That car was a 2000 Porsche Boxster (a car largely that’s undergone minor tweaks in the current variant) that yours took for a spin while cooling his heels at the local CarMax. Following my turn at the wheel, I asked the new salesman to drive. The guy was practically giddy when the revs peaked eliciting a howl from the exhaust that reminded me of a formula car.
Apparently, my asking for the test drive made both our days.
That Porsche, for all its 911-fundamentalist detractors, was a thoroughbred. And though it was quick, it wasn’t necessarily fast – most of the cars in the aforementioned list were faster in acceleration and unleashed horses on horses more power.
LESS = MORE
But none of them made me grin like that old Boxster. And there’s a point here. Sometimes, less is indeed more. Less weight, for example. Less stuff to clutter a cabin. Less interference between the driver’s intuition and the mechanisms that move the vehicle forward – or backward –or side to slippery side. Less cost.
Which brings me to the new Z4. When I approached the “Deep Sea Blue Metallic” over “Ivory White” roadster I was, to be brutally honest, only mildly enthused. It took a second look to appreciate the car’s flame surfacing v. 2.0. Plus, the silly, sesquipedalian titles: Z4 sDrive 30i and Z4 sDrive 35i received knee-jerk ridicule.
And when STI presented me with the Z4 sDrive 30i featuring the smaller 3.0 liter, 255 horsepower, straight six engine (the 3.5 liter makes 300 hp) with a six speed slush box, I was already bored.
But as I closed the driver’s door to my next review the STI rep. stepped forward and said with a smile, “This car and the Boxster RS are my favorite cars.” Bear in mind, STI manages other manufacturer fleets like Aston Martin, Porsche, and Audi (read: R8).
Over an Aston?
Yep, said he. The Boxster and Z4 were just tighter, righter cars, expressely made for having fun.
I turned to face the steering wheel with a new appreciation. Better than an Aston and as great as the Boxster. The car starts to register as something special.
Inside, the Z4 feels Teutonic; a little sterile, but comfortable, supportive, familiar, and functional. There’s great swaths of stitched leather and slick timber across the dash plus suede inserts on the doors. It’s similar in its snugness to the Golden Eye Z3, but more plush and offers much more space than any Boxster or Benz SLK.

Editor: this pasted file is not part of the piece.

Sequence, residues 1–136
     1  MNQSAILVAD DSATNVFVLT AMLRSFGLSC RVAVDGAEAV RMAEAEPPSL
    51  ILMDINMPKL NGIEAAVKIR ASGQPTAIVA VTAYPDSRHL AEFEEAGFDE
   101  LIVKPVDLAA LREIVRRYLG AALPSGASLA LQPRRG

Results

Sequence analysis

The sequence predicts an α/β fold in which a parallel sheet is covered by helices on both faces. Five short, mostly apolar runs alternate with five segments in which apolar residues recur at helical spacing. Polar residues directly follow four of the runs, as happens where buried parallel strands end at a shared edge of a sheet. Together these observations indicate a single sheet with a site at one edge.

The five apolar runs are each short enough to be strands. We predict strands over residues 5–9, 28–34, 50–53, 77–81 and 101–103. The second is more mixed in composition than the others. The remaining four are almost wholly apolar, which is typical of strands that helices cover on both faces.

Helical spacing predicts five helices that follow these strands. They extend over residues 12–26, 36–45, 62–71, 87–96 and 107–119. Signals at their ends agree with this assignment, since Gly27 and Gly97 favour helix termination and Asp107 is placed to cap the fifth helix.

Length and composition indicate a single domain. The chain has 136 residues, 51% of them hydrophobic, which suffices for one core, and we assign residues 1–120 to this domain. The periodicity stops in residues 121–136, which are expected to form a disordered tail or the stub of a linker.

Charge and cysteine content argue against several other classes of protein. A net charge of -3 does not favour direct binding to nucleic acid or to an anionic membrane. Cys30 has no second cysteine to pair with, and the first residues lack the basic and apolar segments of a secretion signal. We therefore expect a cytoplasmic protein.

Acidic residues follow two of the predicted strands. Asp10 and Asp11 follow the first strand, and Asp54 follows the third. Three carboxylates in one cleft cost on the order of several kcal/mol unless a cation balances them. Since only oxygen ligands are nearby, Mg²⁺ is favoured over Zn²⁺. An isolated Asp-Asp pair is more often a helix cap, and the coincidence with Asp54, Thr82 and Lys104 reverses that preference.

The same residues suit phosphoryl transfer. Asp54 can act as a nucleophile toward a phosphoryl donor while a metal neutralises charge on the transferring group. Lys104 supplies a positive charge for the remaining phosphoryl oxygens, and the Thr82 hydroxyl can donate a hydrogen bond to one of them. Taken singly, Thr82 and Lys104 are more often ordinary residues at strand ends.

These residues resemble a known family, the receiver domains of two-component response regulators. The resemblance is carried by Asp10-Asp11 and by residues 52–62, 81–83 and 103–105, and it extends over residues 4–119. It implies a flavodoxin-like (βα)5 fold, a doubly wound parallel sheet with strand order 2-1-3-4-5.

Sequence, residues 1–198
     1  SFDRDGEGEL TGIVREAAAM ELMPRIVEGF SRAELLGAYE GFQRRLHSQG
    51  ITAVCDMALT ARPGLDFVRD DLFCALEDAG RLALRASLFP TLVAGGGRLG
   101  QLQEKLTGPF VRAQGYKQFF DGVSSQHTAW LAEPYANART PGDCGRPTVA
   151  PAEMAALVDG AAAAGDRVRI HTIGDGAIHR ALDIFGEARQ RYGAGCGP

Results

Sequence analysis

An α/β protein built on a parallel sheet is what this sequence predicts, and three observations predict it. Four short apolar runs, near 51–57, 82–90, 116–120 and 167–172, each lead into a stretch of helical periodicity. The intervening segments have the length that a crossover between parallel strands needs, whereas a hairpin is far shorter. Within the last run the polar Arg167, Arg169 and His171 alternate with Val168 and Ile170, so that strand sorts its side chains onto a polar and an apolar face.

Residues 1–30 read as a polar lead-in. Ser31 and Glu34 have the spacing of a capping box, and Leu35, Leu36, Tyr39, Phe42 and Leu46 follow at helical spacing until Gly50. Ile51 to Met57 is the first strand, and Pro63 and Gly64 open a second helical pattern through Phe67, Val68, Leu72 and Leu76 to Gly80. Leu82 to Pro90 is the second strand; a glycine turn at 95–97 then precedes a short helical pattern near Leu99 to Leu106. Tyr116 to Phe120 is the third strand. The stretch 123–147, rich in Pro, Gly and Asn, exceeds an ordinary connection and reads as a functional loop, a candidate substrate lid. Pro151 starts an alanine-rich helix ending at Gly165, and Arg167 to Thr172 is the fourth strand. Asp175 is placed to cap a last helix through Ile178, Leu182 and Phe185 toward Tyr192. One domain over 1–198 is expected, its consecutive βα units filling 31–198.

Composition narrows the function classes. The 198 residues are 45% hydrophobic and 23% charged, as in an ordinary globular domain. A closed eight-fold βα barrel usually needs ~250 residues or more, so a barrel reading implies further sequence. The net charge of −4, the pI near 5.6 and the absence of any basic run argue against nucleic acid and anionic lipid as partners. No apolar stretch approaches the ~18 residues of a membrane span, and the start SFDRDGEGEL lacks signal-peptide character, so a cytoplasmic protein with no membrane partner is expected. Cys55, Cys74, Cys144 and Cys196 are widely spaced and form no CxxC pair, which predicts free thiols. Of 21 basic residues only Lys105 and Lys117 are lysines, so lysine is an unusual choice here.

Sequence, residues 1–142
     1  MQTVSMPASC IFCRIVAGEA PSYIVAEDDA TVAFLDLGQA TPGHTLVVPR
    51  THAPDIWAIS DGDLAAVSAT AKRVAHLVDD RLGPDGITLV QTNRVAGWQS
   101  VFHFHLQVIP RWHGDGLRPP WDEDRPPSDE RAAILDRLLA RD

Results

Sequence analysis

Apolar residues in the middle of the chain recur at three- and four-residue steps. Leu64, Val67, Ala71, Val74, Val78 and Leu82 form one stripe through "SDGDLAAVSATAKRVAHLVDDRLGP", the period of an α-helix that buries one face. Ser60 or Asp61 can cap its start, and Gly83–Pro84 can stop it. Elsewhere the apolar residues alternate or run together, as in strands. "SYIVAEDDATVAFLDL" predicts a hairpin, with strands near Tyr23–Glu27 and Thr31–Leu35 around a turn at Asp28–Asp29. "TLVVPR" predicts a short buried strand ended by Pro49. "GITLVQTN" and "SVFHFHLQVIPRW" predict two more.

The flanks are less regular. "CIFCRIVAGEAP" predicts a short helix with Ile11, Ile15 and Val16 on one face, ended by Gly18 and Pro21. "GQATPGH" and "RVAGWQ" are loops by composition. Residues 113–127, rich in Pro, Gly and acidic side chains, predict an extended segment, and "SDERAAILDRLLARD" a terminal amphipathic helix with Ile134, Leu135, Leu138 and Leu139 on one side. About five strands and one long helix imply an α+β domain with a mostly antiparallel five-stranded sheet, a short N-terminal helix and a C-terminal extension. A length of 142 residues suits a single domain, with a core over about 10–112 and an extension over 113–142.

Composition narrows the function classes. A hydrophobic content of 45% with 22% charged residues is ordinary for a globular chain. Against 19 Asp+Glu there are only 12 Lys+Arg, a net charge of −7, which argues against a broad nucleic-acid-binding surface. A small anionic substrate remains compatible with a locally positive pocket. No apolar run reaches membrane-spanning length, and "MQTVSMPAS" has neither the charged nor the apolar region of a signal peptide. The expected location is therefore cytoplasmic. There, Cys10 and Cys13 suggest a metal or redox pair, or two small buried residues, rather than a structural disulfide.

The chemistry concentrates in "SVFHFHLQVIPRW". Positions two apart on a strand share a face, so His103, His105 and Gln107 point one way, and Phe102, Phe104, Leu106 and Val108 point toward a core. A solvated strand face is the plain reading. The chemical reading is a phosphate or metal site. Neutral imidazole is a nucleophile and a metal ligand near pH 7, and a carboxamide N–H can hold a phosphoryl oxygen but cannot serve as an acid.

While this Z4 did feature the tricked out M-suspension with adjustable mode settings in Normal, Sport, and Sport +(deactivates the traction control), the little Bimmer made do without iDrive or any of the watch dog gadgets that pervaded the new 7-Series. So, if I was going to depart a lane without using my blinker, there’d be no nanny to vibrate my wheel this time.
Push the start button and a familiar twill finishes with a short brusque burst from the twin exhausts. It’s the kind of sound a 3-series might make with a shot muffler, which is great because it announces the motor’s potency with each blip of the throttle and every automatic gear change, but leaves you be when you’re highway cruising in sixth.
Pull the gear command back to drive – it’s the garden variety, no DSG tricked out push button stuff here – and get ready to experience the most enjoyable automatic cog swapper you’ve ever had do the work for you.
Slap the lever left to Sport when under way and the transmission will drop a gear as the car gets ready to rock.
Plant the go pedal and look past the tightly rounded instrument display down and over the arc of the long, etched bonnet. The Z4 tucks it’s long nose nicely into each and every corner. Descend a hill and tap the brakes once and the auto holds you back by dropping one gear. Tap the brakes a second time – and the car will detect the bigger battle against gravity and downshifts yet again! It’s brilliantly intuitive.